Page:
Not only that, but you can specify which parts of a document you want to use — the main text, text boxes, footnotes, endnotes, headers, footers, and comments. This brings enormous power and flexibility to your macro collection.

FileCleaner saved settings

FileCleaner has lots of new (and useful!) cleanup options — so many, in fact, that I’ve had to put each kind of option on its own tab, one for each of the following:

  • Breaks, Returns, Spaces, Tabs
  • Dashes
  • Hyphenation
  • Formatting
  • Text
  • Punctuation
  • Miscellaneous

But I think the slickest new feature in FileCleaner is the ability to save entire sets of options for future use.

Just enter a name for a set of options (for a certain client, a certain kind of manuscript, or whatever). Then click OK to clean up those options. The next time you use FileCleaner, you can activate that set of options again by clicking the drop-down arrow on the right. When you do, all of the options for that saved setting will become selected. You can save up to 20 different sets of options.

Speed!

My final favorite thing isn’t actually a feature. Instead, it’s the speed of nearly all the features in Editor’s ToolKit Plus 2018.

I originally wrote many of my programs back in the 1990s, using the clunky, old-fashioned WordBasic language. When Microsoft Word 97 was released, it featured a new language — VBA (Visual Basic for Applications), but it would also convert WordBasic macros into pseudo-VBA so the macros would continue to work in the new software. That pseudo-VBA has been the basis for my original programs ever since.

Now, in Editor’s ToolKit Plus 2018, I’ve rewritten most of the code from the ground up in native VBA. It took a long time to do that (nearly 28,000 lines of code!), but the resulting software is fast. NoteStripper, for example, used to strip notes to text by selecting, copying, and pasting each note. It worked, but if a document had lots of notes, it took a long time. Now, NoteStripper strips notes to text without selecting, copying, or pasting anything. Everything is done using the built-in text ranges of the notes and the document itself, and wow, what a difference!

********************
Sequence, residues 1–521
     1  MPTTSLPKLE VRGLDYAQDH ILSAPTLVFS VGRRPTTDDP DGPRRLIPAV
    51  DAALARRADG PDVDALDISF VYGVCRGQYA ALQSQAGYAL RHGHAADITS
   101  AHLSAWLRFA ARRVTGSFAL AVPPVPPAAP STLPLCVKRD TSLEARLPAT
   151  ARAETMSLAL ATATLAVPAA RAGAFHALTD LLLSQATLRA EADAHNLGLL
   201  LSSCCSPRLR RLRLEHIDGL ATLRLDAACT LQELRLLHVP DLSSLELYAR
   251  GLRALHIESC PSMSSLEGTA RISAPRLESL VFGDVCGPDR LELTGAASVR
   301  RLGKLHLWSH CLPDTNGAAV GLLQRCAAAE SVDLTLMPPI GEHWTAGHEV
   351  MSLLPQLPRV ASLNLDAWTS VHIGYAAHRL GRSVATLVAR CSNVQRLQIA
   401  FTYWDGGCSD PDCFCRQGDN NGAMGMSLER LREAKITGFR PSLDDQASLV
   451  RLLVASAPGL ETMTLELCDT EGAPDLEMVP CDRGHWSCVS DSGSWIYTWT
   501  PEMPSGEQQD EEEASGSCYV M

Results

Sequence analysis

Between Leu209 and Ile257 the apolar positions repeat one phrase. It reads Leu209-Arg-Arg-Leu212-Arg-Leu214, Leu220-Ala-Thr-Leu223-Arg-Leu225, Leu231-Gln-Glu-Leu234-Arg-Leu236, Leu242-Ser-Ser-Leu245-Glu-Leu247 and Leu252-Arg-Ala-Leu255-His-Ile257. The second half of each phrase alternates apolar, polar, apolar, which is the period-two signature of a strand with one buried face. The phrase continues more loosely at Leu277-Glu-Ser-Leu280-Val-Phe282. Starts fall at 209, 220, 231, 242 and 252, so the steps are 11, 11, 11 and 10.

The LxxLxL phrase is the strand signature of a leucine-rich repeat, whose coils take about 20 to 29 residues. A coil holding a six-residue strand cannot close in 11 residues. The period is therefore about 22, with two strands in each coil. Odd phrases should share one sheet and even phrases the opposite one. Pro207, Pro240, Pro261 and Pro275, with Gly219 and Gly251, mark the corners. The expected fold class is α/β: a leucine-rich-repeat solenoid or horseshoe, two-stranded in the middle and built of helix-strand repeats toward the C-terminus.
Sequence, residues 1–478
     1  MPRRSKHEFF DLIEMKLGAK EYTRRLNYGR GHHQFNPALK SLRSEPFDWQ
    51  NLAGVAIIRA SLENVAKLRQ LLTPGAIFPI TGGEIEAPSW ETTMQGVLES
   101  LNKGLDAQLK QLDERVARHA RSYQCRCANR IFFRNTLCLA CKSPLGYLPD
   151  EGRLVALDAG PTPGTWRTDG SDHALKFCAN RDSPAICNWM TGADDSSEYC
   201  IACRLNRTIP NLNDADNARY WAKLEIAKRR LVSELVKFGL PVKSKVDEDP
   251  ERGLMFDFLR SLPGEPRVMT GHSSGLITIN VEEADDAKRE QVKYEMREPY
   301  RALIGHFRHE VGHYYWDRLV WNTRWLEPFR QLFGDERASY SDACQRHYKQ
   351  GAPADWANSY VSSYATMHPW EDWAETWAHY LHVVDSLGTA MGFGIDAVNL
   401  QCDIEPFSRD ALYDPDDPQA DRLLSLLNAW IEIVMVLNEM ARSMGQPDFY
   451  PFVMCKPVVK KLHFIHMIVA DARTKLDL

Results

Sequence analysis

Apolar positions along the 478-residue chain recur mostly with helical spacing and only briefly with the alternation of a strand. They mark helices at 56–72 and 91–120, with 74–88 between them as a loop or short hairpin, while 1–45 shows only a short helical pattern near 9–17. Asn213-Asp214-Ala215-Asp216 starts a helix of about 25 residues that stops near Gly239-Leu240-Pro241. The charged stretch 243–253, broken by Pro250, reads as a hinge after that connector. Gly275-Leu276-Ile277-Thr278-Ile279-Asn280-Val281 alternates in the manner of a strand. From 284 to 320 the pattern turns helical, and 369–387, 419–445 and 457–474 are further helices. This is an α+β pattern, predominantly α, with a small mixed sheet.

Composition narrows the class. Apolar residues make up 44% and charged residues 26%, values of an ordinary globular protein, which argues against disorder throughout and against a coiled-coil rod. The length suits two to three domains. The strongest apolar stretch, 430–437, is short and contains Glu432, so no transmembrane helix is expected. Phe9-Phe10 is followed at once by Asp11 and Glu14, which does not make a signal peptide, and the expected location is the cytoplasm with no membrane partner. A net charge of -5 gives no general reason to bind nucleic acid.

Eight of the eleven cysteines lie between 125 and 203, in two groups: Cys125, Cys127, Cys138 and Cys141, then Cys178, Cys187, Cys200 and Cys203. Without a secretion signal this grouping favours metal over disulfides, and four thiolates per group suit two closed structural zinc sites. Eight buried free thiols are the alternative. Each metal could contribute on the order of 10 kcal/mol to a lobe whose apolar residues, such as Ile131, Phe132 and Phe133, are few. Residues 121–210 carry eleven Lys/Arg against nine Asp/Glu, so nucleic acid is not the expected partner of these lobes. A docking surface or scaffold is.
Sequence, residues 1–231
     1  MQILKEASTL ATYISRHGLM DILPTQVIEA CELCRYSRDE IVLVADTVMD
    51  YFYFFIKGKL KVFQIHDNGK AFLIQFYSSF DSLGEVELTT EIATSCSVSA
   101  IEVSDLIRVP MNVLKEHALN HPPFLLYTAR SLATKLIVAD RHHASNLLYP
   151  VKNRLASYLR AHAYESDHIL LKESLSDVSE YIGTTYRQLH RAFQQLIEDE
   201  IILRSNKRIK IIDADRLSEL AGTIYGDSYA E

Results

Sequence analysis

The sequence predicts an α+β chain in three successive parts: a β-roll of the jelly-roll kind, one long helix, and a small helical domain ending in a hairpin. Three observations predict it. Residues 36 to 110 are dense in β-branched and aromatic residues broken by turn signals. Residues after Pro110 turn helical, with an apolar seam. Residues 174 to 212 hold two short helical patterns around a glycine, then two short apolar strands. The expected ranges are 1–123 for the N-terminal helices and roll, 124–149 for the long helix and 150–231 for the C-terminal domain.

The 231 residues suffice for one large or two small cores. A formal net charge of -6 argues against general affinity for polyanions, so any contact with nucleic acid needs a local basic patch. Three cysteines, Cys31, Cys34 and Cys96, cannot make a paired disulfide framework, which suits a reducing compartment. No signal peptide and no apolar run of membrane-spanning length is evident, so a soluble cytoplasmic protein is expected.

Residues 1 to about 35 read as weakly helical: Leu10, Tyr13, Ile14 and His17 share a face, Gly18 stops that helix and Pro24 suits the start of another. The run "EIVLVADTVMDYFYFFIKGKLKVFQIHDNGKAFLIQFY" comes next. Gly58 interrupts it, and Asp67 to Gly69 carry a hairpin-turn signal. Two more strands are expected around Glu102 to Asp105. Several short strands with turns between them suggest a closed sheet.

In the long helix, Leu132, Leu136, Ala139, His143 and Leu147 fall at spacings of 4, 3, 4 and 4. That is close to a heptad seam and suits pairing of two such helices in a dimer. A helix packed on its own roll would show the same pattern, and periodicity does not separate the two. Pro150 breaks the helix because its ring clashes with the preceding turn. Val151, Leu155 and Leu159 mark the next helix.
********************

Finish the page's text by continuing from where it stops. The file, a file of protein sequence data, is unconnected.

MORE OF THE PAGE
For purposes of comparison, I just used NoteStripper on a document with 100 notes. The old version took 25 seconds — not bad. The new version took 2 seconds — making it more than 10 times faster than the old one. If you’re working on a big book with a short deadline, that kind of speed can make a real difference in your ability to get the job done.

In conclusion

I hope you’ll try the new Editor’s ToolKit Plus 2018 (which runs in Word 2016 on Macintosh, and in Word 2010, 2013, and 2016 on PCs), and that it will become one of your favorite things! If there are any features you particularly like, I’d love to hear what they are. If there are any features you would like to work differently, I’d love to hear about that as well.

Finally, if there are any features you think needed to be added, please let me know. I’d like to make Editor’s ToolKit Plus as useful as possible.

By the way, I continue to make improvements to the program almost daily. For that reason, if you’ve already installed Editor’s ToolKit Plus 2018, I strongly recommend that you download and install the most-recent version. You can download it here.

June 7, 2010

On Books: The Hebrew Republic

One of my recent book purchases was Eric Nelson’s The Hebrew Republic: Jewish Sources and the Transformation of European Political Thought. I purchased the book because I saw it advertised by Harvard’s Belknap Press in The New York Review of Books and thought, based on the title, that the subject would interest me.